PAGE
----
Impatience drives clubs to fire coaches

27Jan 2016
Our Reporter
The Guardian
Impatience drives clubs to fire coaches

It has become an ordinary trend for most of the Mainland top flight clubs to change their coaches as a result of lack of success even for a short spell. The trend is building into a fully fledged tradition as coaches are frequently fired and replaced by new ones.

Juma Mwambusi, Assistant Coach of Dar Young Africans

Tolerance and personal interests are what look to be determinant factors as clubs have become impatience with coaches even for slightest of slip ups.

If ever proof was needed that coaches are expected to make an instant impact in the Mainland premier league, it’s this – half of the 16 head coaches stepped down during the first half of this season.
Eight clubs parted ways with their head coaches as the attained first half way stage.

This confirms the trend of coaches being hired and fired within a short time. A number of reasons such as the teams’ performance and pressure from club management account for the continued trend.

Remarkably only two clubs can boast to have maintained the same coach with which they have had for over two seasons. Mtibwa Sugar and JKT Mgambo have kept their faith in Mecky Mexime and Bakari Shime, respectively.
Sticking by a coach for a long time is no guarantee that success will follow – both Mtibwa and Mgambo JKT have not won anything but that is not the whole story.

Mtibwa Sugar came close to board relegation bandwagon last season but their faith on Mexime seems to be paying off this season.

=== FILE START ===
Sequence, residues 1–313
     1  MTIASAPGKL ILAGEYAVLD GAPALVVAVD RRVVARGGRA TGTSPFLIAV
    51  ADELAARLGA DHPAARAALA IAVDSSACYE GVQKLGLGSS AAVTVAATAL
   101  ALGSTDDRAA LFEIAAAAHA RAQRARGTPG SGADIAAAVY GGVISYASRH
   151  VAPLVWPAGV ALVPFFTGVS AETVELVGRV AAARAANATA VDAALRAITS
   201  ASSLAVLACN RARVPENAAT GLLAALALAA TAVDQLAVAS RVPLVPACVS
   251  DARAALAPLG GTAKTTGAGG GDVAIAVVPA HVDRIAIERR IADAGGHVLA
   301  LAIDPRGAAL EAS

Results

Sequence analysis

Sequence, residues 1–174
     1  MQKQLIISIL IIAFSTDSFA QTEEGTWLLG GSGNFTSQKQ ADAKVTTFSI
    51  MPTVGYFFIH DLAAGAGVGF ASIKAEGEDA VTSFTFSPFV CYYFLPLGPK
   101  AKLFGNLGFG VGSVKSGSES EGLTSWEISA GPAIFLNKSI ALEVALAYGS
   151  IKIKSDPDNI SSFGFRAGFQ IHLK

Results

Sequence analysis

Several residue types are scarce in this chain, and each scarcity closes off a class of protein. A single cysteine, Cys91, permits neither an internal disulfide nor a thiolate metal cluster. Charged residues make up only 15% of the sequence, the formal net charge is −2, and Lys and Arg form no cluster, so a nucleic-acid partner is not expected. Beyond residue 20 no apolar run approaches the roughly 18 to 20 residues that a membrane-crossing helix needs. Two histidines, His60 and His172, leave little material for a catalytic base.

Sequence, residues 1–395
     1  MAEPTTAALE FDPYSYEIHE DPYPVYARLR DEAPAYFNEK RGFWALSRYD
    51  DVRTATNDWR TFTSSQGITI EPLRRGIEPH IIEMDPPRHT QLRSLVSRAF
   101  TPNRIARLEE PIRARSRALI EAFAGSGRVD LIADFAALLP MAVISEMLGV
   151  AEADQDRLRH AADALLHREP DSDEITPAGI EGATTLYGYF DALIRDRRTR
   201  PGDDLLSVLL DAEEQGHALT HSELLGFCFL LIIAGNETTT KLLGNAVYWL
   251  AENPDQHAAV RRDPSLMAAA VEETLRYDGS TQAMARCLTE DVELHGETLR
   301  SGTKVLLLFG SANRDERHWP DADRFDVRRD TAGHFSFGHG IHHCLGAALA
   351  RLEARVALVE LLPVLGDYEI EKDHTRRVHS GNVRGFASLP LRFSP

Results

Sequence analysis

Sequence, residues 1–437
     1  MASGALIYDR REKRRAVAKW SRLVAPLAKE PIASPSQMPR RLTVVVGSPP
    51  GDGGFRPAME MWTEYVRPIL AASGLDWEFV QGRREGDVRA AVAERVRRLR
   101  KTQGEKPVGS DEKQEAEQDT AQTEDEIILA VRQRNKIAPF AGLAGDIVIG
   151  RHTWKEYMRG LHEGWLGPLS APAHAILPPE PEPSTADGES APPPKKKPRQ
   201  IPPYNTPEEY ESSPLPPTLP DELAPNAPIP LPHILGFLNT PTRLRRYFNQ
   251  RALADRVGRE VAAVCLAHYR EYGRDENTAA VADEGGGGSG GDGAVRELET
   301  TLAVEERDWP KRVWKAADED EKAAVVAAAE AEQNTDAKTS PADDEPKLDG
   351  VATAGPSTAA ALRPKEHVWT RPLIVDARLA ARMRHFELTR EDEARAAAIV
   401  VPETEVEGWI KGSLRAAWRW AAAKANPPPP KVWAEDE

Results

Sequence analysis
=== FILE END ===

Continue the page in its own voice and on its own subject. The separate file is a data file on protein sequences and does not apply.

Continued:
Though they are unlikely to win the title, Mexime has managed to shape up a competitive team that has an outside chance of causing shockwaves in the title race.

Shime who took the team in 2013/14 season and helped it to avoid relegation has transformed Mgambo into a respectable mid-table team.

Mtibwa and Mgambo are exception. Eight clubs have had to replace their coaches for various reasons but mainly poor results posted in the early rounds. But still some were just too impatient and had flimsy grounds to do so in the earliest possible time.

Simba, known for changing their coaches with regularity in the past four seasons, has parted ways with Dylan Kerr by mutual consent.

Kerr managed to register eight wins, three draws and two losses in thirteen league outings but he was constantly under pressure from Simba leadership over his unwillingness to be influenced on team selection. His fate after Mapinduzi Cup semi-final exit, in keeping with recent theme at Simba, came as no surprise.

Last season, Simba hired and fired three coaches; Zdravko Logarusic, Patrick Phiri and Goran Kopunovic.

Logarusic was in charge of the pre-season in August before he was dismissed a few days before the league kicked off. He was replaced by Patrick Phiri. In December, the Zambian experienced gaffer was gone. In came Kopunovic, who lasted until June.

Interestingly, two coaches were fired with just under seven matches played. Fred Felix Minziro of JKT Ruvu who had overseen a four-match winless run was the first to face the chop.

Last season’s coach of the year, Mbwana Makata was not spared from the scourge. He was dismissed at Kagera Sugar. Adolf Rishard who replaced him is not safe as results have not improved.

Bottom of the table, African Sports parted ways with Joseph Lazaro with little change in their fortunes. Coastal Union also changed their coach with no success. More coaches are likely to be sacked by the time the league comes to an end.

Since they have hardly be no improvement in the fortune of teams that have changed their coaches, maybe the solution to a club’s poor form is not in the culture of hiring and firing coaches, but rather trying other means.

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